“Burn Fat, Beat Cravings, and Drop 20 Pounds in 40 Days”

These are the words on the cover of The Wild Diet by Abel James.  And what you are reading now is another book review. This book may be a game changer though. So stop reading now if you want to remain pudgy, hungry, and continue to go on and off diets rarely making progress.

The author of this yet-another-version-of-Paleo, Abel James, not only walks the talk, but also looks very fit and healthy. Compelling Point #1.

He starts his book off with a chapter about how we have been made sick and fat by eating things that have only been part of our diet more recently such as processed foods, GMO’s, chemical and pesticide-laden foods, and massive amounts of sugar. This has become pretty standard for Paleo diet books, so good reminder but (yawn) I was eager to get past that to the good stuff.

James says of himself, “I’m just a regular guy who has spent the last decade obsessing about nutrition and fitness so you don’t have to”. He builds on that by adding that to lose weight you do not have to give up some of your favorite foods like wine, coffee, dessert, bacon, and butter; and that he will show you how to burn fat faster doing less exercise with things like The 7-Minute Wild Workout. Compelling Point #2.

Nicknamed the Fat-Burning Man, Abel James is full of passion for health and has a great sense of humor that is sprinkled throughout his 370 page book, 138 of which are tasty looking recipes. This also tends to be a pretty standard fare for diet books, but his actually look like ones I want to try.  Compelling Point #3.

I bought The Wild Diet book after hearing Abel on a podcast talking about dramatic results he has gotten not only with himself in terms of weight loss and health improvements, but also with many others. His approach sounded easy, doable, and fun even. Compelling Point #4. So I added another Paleo book to my collection.

A.J. is a big advocate of what he calls “fasting & feasting”, a cyclical way of eating that has been more the natural way of eating for many people until fairly recently. He helpfully expounds why this way of eating is healthful. Compelling Point #5. Interestingly and surprisingly, his version of fasting is not a water-only one, but rather more like undereating some meals, with low carb, low calorie, light foods. I think I can work with that. Compelling Point #6.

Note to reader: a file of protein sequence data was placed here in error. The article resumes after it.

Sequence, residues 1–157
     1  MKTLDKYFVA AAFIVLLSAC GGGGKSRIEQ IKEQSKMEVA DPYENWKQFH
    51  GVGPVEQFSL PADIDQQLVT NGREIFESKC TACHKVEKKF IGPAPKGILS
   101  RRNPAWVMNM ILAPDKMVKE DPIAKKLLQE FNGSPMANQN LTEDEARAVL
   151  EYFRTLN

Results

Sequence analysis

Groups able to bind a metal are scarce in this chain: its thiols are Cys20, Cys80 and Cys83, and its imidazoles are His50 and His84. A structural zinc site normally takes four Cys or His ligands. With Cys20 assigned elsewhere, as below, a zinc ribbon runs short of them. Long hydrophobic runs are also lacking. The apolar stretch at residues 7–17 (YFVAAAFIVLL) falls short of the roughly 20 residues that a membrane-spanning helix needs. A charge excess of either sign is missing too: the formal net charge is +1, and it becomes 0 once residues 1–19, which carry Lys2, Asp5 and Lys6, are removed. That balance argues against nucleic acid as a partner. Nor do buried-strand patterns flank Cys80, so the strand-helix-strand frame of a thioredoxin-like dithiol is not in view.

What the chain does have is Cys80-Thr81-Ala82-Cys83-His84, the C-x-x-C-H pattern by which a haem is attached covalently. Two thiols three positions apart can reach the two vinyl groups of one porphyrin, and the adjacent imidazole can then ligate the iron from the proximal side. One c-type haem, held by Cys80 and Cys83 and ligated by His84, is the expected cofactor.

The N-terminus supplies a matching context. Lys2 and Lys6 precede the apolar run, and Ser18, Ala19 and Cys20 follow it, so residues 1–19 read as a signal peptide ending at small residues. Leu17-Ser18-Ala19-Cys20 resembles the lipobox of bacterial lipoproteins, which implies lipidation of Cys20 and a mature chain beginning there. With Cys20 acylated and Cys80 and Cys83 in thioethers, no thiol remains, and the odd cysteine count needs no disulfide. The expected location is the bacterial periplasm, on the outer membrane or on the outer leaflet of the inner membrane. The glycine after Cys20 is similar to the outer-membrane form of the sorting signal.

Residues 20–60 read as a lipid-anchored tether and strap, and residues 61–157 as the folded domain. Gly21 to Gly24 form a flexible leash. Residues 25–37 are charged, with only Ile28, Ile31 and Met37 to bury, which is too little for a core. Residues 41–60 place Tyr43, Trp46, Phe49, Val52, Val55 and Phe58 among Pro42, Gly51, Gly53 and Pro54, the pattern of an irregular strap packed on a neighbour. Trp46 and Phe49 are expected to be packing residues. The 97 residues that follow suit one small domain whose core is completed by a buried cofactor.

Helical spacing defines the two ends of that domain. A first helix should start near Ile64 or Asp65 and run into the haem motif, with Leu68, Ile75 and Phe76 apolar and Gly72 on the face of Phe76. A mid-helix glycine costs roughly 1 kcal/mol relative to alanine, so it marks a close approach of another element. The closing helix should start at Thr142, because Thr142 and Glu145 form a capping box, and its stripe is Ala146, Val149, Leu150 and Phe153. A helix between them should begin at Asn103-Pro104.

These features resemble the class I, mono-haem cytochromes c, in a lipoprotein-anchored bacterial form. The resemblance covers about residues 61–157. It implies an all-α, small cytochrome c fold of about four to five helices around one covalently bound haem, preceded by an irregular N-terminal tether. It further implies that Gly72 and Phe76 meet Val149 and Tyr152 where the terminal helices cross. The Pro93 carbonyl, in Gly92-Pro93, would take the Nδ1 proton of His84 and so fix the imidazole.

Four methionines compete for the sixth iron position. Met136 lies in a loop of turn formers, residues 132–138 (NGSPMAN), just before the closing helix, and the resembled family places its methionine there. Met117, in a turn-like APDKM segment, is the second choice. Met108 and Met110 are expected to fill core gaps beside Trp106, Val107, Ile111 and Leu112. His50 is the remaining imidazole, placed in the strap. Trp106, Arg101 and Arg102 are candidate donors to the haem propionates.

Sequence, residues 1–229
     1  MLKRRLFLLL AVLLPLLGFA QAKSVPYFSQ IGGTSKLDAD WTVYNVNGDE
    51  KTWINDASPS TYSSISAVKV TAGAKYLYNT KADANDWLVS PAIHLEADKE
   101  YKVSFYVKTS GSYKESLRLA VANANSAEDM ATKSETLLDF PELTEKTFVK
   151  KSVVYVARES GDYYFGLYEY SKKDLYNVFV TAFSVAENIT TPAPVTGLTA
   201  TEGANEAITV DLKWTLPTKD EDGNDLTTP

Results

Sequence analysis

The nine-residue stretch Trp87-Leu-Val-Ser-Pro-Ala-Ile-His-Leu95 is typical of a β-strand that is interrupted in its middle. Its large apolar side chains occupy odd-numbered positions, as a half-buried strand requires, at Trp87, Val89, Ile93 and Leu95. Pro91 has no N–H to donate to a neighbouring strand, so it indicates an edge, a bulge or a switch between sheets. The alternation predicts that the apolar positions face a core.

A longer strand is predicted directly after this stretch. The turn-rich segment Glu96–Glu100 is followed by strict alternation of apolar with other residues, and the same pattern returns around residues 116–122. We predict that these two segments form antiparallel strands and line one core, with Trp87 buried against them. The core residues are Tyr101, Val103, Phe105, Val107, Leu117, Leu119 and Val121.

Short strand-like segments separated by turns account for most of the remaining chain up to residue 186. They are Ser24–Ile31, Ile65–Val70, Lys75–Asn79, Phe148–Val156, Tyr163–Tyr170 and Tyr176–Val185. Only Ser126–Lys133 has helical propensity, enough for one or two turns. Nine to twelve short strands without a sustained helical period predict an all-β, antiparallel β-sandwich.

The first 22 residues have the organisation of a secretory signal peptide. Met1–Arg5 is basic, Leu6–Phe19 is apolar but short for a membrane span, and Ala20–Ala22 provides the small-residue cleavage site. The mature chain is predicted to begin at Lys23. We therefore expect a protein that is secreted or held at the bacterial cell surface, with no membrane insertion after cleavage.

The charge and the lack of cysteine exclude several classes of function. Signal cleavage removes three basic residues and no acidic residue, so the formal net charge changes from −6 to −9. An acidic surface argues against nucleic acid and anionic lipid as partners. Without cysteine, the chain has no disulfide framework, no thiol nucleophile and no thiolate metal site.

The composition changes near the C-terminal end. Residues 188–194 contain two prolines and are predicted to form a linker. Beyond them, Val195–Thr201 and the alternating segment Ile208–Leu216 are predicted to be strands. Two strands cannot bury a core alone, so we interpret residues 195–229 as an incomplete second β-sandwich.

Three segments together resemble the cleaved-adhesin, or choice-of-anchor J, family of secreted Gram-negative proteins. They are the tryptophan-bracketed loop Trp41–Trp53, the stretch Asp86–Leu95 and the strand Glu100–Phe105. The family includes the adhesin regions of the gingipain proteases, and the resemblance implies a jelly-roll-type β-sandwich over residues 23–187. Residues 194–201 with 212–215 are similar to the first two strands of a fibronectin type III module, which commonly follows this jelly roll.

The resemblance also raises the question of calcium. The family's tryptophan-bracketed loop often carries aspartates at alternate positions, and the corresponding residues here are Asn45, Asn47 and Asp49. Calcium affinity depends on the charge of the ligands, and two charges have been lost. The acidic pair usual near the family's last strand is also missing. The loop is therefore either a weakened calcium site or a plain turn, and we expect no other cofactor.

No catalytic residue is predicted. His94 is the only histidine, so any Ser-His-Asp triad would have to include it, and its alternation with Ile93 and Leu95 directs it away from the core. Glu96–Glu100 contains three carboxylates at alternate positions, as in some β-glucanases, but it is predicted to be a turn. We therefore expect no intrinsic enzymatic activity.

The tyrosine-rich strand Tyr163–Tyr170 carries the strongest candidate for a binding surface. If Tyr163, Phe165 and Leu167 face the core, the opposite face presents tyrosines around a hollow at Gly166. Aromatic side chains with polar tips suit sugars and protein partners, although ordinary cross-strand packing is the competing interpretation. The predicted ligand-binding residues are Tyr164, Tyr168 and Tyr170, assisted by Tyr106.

Compelling Point #7: The plan is not just for 21 days or 30 days, but a way of eating that can be done for life; The Wild Diet seems great if you want to avoid the diet mentality where you deprive yourself for X amount of days or X amount of pounds to be lost.

There is even a small section on how to feed your dog Wild-style with six recipes and quite a number of dog-feeding tips . However, I am not giving this a compelling point because I do not currently have a dog. Hey, its my blog.

The Wild Diet, Compelling Point #8, seems to fit all of my criteria that a great plan should have:

*Great success rate, great results
*Doable
*Sustainable-able to continue as a lifestyle
*Fits in with family and work life
*Highly nutritious
*Includes fitness
*Author looks slender, fit, and healthy
*Does not tax the body negatively, i.e. adrenals and thyroid

So, the timing of eating is important, as is the quality of food, as well as exercise. James adds to this lifestyle elements that are also crucial. Compelling Point #9.

In closing and in summing up, what draws me the most to The Wild Diet is that it is a common sense eating plan that promises rapid results achieved by eating real and delicious food, with a moderate amount of exercise thrown in, that is doable, sustainable, and health-promoting.

I signed myself up to be a Wild Diet guinea pig. Where? No where, just in my own brain. Started yesterday. (Join me. C’mon, you know you want to try it!) Abel James encourages one to stick to the diet for at least 40 days stating that the “rapid progress will motivate you”. So I will report back then. Wishing you wildness!

 

 

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